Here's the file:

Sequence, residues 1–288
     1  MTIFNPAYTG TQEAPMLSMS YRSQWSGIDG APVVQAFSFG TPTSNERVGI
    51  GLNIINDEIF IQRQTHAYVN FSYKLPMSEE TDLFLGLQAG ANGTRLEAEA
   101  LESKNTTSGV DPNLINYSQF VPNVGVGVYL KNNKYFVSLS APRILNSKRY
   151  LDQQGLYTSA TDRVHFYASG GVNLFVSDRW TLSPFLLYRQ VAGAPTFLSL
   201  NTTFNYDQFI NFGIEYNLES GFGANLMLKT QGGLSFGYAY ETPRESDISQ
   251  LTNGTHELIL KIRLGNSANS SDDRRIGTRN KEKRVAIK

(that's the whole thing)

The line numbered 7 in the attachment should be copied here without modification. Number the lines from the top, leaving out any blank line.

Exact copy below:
   251  LTNGTHELIL KIRLGNSANS SDDRRIGTRN KEKRVAIK